Should Buffalo Bills Follow Atlanta Falcons' Example in 2010 NFL Draft?

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Should Buffalo Bills Follow Atlanta Falcons' Example in 2010 NFL Draft?

The 2010 NFL Draft is now less than 48 hours away, and as I have spent the past few weeks focusing on different options and predictions of the Buffalo Bills' approach to the upcoming event, I would be remiss to not try to touch on every plausible scenario.

Which brings me to today's topic: the Atlanta Falcons draft approach.

Leading up to the 2008 draft, Atlanta was in a situation not unlike the one Buffalo is in right now.

The Falcons needed a quarterback. Desperately.

They also needed someone to protect their quarterback. Desperately.

The way the Falcons went about that crucial draft—and the success that followed—could lay the groundwork for teams with the same needs. Teams like the Bills.

In the 2008 NFL Draft, the Falcons used the No. 3 overall pick on their franchise quarterback, Boston College's Matt Ryan. Atlanta passed on potential franchise left tackles like Ryan Clady, Chris Williams, and Branden Albert to instead secure their franchise signal caller.

But knowing that the odds of securing a franchise left tackle in round two were not very good, the Falcons traded their two second-round selections (Nos. 34 and 48 overall) and their fourth-round selection (No. 103 overall) to the Washington Redskins for their first-round selection (No. 21 overall), third-round selection (No. 84 overall), and fifth-round selection (No. 154 overall).

The Falcons used that No. 21 overall pick to select USC's Sam Baker, their franchise left tackle.

With two glaring holes at two vital positions, Atlanta made a move to make sure they were able to secure a franchise left tackle without having to pass on a franchise quarterback and face of the franchise.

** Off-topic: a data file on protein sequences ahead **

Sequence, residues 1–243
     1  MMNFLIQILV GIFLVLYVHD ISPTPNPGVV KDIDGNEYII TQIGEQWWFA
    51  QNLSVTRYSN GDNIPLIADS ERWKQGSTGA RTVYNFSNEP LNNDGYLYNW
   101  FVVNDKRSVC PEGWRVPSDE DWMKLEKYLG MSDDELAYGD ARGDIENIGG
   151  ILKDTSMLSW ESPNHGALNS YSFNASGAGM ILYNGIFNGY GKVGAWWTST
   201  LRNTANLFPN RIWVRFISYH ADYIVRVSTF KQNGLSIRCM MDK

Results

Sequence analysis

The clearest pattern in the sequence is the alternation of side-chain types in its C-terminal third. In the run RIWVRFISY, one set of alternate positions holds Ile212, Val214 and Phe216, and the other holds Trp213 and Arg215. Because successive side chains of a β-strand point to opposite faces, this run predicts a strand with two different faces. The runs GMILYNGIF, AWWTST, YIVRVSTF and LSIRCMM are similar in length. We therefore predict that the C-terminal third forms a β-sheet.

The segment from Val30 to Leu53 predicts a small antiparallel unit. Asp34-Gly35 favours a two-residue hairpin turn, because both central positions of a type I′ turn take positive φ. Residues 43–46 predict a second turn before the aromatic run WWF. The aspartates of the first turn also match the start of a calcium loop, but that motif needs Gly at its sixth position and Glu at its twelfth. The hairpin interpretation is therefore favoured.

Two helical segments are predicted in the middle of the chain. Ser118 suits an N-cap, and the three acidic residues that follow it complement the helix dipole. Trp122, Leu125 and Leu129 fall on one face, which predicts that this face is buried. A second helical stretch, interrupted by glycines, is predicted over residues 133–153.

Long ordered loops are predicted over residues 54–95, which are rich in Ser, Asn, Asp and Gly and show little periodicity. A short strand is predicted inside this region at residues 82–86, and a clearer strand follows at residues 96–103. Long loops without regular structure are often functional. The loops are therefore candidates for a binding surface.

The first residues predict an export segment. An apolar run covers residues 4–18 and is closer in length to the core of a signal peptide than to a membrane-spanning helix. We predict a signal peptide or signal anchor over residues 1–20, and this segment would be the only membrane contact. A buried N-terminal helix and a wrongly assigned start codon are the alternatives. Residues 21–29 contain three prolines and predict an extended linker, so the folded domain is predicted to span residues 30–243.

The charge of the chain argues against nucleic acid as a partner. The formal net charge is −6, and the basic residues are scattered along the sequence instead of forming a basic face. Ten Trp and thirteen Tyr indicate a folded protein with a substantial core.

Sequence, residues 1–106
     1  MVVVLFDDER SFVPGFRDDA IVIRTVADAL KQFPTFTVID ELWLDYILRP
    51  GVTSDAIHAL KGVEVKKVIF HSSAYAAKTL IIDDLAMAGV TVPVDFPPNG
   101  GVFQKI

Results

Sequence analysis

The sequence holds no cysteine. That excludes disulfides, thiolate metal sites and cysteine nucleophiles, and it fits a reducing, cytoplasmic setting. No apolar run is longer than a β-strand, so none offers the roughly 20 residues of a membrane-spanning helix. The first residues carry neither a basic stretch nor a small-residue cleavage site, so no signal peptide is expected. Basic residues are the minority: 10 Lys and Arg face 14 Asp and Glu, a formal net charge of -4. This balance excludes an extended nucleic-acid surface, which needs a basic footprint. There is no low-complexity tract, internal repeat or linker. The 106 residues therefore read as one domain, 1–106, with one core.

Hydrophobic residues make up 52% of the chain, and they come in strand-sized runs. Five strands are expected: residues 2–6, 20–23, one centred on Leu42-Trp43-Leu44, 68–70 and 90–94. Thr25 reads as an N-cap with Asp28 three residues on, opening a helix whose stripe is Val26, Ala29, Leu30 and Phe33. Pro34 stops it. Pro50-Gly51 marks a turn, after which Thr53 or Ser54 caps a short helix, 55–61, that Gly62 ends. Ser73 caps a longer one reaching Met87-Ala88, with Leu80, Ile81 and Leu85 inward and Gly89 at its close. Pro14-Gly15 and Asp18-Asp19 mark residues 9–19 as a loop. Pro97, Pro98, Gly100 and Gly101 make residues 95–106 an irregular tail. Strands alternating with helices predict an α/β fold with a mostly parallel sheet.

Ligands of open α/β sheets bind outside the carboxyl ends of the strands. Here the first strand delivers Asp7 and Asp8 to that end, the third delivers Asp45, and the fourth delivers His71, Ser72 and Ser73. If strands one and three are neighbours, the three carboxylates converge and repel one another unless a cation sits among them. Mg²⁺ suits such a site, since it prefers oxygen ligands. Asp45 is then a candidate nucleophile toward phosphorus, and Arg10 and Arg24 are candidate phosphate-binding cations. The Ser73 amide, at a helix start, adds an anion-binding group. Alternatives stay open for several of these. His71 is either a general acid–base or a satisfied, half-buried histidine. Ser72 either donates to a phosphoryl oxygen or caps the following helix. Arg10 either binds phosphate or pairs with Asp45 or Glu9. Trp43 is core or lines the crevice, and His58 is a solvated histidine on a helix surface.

Eerie, isn't it?

This year, Buffalo has massive holes at both the quarterback and left tackle position. And with all the debate going on as to which position should be addressed in the first round, the answer that has not been given much is "both."

If Jimmy Clausen is on the board at No. 9 overall, the Bills could opt to draft their franchise quarterback, then trade back up into the bottom of the first round to secure a player that will make sure the new face of their franchise is not battered and bruised.

With players like USC's Charles Brown, Indiana's Rodger Saffold, and possibly even Rutgers' Anthony Davis all potentially being available towards the end of the first round, Buffalo could opt to then trade back into the first round to make sure they get the player they covet on the blind side.

The Bills have a history of moving up on draft day as well, as they have done it in three of the past four drafts:

  • 2006: Buffalo acquires the No. 26 overall pick (first-round) from the Chicago Bears for the No. 42 overall pick (second-round) and the No. 73 overall pick (third-round), select defensive tackle John McCargo.
  • 2007: Buffalo acquires the No. 34 overall pick (second-round) from the Detroit Lions for the No. 43 overall pick (second-round) and No. 74 overall pick (third-round), select linebacker Paul Posluszny.
  • 2009: Buffalo acquires the No. 51 overall pick (second-round) from the Dallas Cowboys for the No. 75 overall pick (third-round) and No. 110 overall pick (fourth-round), select guard Andy Levitre.

Buffalo is not afraid to make moves on draft day, and given the success Atlanta has had with their decision to make securing a franchise quarterback their top priority, the Bills may be prompted to follow the strategy that has yielded such a great return.

The key difference in these situations is that Buffalo also has a third need: a nose tackle to anchor their new 3-4 defense. As a move back into the first round would likely require giving up second and third-round picks, the Bills may be hesitant to do so.

Maybe the staff feels someone they like at the position could be available in the fourth round. Maybe they feel like they could package more picks to move back into the third round. Maybe Marshawn Lynch is dealt on draft day for a pick they use on a nose tackle.

If any of these is the case, then this scenario becomes even more sensible. If they do not, then the argument for this approach loses a lot of steam. Either way, do not rule out the Bills following the Atlanta Falcons 2008 draft blueprint as they try to fill two of their primary needs. Their recent draft activity is well-documented.

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